An article on the protest and arrests includes this background information: “Shortages of accommodation at state-run universities were highlighted last year by the Zimbabwe Independent newspaper, which reported that in one case 38 students from the University of Zimbabwe were sharing a four-bedroom house in Harare’s Mount Pleasant suburb. Activists say that the flight of qualified lecturers at the height of Zimbabwe’s political and economic crises has left many faculties short-staffed, while the cash-strapped institutions don’t have the money to maintain key infrastructure like libraries and laboratories” (“Zim Police . . .”).


In a long (nearly 3,000-word) opinion piece for the Mail and Guardian. Neo Lekgotla laga Ramoupi critiques the lack of progress post-apartheid South Africa in enhancing African research and scholarship in the nation’s higher education institutions. He focuses on four specific areas in which expectations have not been met. This lack of progress is a major impediment to broader progress since South African universities became one of the institutional bulwarks of apartheid. Ramoupi connects recent failures to appoint African faculty to the University of Cape Town’s failure to offer Archie Mafeje to a faculty position, even though he was clearly more qualified than the White applicant who received the appointment. At the time, the University of Cape Town was considered one of the main centers of opposition to apartheid; so it’s failure to seize this opportunity to challenge the system had major ramifications across higher education in South Africa and represented not just a “missed opportunity” but a major setback for the opponents of apartheid:

“If the university had supported Mafeje’s appointment as a senior lecturer in the department of social anthropology, it would have set the trend for universities nationwide to appoint black academics. So much for UCT’s reputation as ‘Moscow on the Hill’; UCT was so called because of its opposition to apartheid, in particular when apartheid obstructed academic freedom. So when UCT chose not to appoint Mafeje, and deferred to De Klerk’s statement that it must fill the vacancy suitably with a white person, the institution lowered its standards to fit the appointment of a white lecturer, even when, after full discussion, the committee of selectors resolved that the unanimous recommendation of the board of electors, that Mafeje be appointed, be upheld.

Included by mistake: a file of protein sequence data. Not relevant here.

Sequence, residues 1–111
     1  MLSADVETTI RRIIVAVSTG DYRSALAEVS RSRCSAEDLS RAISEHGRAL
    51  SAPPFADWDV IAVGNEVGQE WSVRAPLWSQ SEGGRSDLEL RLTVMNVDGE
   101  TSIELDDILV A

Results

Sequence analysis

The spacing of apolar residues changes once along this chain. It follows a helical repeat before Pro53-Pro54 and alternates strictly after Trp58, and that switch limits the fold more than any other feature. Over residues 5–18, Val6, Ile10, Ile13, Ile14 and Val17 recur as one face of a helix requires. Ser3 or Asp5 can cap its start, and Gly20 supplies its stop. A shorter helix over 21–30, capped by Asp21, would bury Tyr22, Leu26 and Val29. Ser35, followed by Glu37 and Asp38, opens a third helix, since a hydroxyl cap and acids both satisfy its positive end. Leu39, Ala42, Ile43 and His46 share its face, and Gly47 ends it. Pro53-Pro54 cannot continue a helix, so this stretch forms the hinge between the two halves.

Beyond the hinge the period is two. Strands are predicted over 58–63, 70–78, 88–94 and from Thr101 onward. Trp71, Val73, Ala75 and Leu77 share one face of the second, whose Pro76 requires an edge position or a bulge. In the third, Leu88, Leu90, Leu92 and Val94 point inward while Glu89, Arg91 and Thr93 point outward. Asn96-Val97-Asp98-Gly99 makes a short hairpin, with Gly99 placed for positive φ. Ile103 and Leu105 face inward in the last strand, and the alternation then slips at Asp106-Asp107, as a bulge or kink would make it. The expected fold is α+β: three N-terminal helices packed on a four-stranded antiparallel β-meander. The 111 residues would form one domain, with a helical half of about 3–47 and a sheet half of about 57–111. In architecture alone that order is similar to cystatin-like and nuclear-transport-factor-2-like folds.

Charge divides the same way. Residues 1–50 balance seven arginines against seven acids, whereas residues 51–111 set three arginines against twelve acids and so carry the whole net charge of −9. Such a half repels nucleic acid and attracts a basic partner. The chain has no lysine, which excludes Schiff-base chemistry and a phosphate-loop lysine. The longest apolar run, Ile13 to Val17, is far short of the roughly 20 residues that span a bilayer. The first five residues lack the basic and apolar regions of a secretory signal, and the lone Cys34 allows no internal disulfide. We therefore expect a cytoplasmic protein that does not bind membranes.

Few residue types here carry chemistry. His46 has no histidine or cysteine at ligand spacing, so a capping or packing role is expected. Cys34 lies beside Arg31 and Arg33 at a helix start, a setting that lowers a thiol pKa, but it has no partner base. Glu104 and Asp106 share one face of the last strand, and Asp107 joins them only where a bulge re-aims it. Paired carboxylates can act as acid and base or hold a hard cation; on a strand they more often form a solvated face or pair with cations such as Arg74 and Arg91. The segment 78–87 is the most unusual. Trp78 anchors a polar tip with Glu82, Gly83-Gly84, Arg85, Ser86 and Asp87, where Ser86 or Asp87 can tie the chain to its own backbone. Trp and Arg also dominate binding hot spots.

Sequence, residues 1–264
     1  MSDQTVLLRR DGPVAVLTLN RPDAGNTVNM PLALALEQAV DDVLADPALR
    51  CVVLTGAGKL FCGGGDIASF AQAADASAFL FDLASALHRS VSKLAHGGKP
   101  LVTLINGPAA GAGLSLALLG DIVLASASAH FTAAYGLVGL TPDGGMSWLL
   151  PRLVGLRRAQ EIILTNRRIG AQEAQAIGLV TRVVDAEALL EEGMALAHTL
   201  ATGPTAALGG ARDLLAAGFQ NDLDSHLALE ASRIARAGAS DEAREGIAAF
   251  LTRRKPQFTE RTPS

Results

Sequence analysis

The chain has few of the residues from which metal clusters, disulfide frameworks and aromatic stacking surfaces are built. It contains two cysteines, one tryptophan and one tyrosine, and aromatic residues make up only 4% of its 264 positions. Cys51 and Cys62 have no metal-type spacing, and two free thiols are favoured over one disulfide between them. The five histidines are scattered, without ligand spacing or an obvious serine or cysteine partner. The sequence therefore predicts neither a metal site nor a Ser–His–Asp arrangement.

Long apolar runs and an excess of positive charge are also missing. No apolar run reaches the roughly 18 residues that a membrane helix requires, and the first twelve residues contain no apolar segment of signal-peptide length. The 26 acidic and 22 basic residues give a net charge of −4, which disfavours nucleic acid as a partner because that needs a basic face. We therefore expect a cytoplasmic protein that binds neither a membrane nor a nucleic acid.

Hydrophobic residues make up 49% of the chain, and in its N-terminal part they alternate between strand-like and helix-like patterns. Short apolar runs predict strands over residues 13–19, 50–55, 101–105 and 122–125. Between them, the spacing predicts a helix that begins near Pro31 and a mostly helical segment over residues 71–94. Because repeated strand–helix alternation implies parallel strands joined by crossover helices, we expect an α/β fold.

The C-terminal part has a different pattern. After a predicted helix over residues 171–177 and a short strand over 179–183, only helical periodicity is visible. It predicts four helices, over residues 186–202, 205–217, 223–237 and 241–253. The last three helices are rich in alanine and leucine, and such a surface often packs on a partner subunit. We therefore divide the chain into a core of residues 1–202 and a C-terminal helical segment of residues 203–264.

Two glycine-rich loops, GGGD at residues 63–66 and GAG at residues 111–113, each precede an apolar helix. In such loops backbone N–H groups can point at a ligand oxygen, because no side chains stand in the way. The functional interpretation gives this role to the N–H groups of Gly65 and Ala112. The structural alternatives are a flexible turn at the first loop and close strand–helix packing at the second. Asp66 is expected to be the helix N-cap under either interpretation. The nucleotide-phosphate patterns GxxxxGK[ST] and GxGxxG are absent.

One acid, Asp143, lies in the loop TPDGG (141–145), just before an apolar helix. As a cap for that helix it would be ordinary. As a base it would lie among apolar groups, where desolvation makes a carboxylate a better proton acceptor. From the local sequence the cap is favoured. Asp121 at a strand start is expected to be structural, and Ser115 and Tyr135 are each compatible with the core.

Ramoupi hears echoes of the Mafeje case in a recent comment by UCT vice-chancellor Dr Max Price, who has written about “’not lowering the standards for appointment as, or promotion to, professor for non-whites,’ arguing that ‘this would reinforce racial stereotypes and set transformation back’” (“Nothing Sinister about Paucity of Black Professors at UCT,” Sunday Times, 13 July 2014) (Ramoupi).



“Controversy over N1.3 Trillion Fund for the Nigerian Universities.” Daily Independent [Lagos, Nigeria] 3 May 2015.

M’Boya, T. Michael. “Life at Moi University More Difficult after Garissa Attack.” Daily Nation [Kenya] 15 May 2015.

Ramoupi, Neo Lekgotla laga. “The African Vision Has Lost Its Focus.” Mail and Guardian 6 Feb. 2015.

“Zim Police .Arrest Female Student Protesters.” All Africa 14 Nov. 2015.


Previous Posts in the Series:

Post 1. Canada—University of British Columbia [Part 1]:

Post 2. Canada—University of British Columbia [Part 2]:

Post 3. Canada—University of New Brunswick:

Post 4. Canada—Capilano University:

Post 5. Canada—Overview:

Post 6. Canada—Additional Items:

Post 7. Australia– Nikolic, Powell, and Price:

Post 8: Australia–Copenhagen Consensus Centre at Flinders University and Monash University Branch Campus in China:

Post 9: New Zealand—Police and Government Interference in Academic Freedom, Tertiary Education Union and Association of Scientists:

Part 10: United Kingdom, Part 1: Free-Speech Rankings, Issues in Higher Education, and the Counter-Terrorism and Security Act:

Part 11: Global Survey of Academic Freedom Issues in 2015: United Kingdom, Part 2:

Part 11: Global Survey of Academic Freedom Issues in 2015: United Kingdom, Part 2:

Part 12: Global Survey of Academic Freedom Issues in 2015: United Kingdom, Part 3, Scotland:

Part 13: Global Survey of Academic Freedom Issues in 2015: United Kingdom, Part 4, Northern Ireland:

Part 14: Global Survey of Academic Freedom Issues in 2015: Continental Europe:

Part 15: Global Survey of Academic Freedom Issues in 2015: Mexico and Cuba:


5 thoughts on “Global Survey of Academic Freedom Issues in 2015 [Post 16 of a Series]

  1. Pingback: Global Survey of Academic Freedom Issues in 2015 [Post 17 of a Series] | ACADEME BLOG

  2. Pingback: Global Survey of Academic Freedom Issues [Post 18 of a Series] | ACADEME BLOG

  3. Pingback: Global Survey of Academic Freedom Issues [Post 19 of a Series] | ACADEME BLOG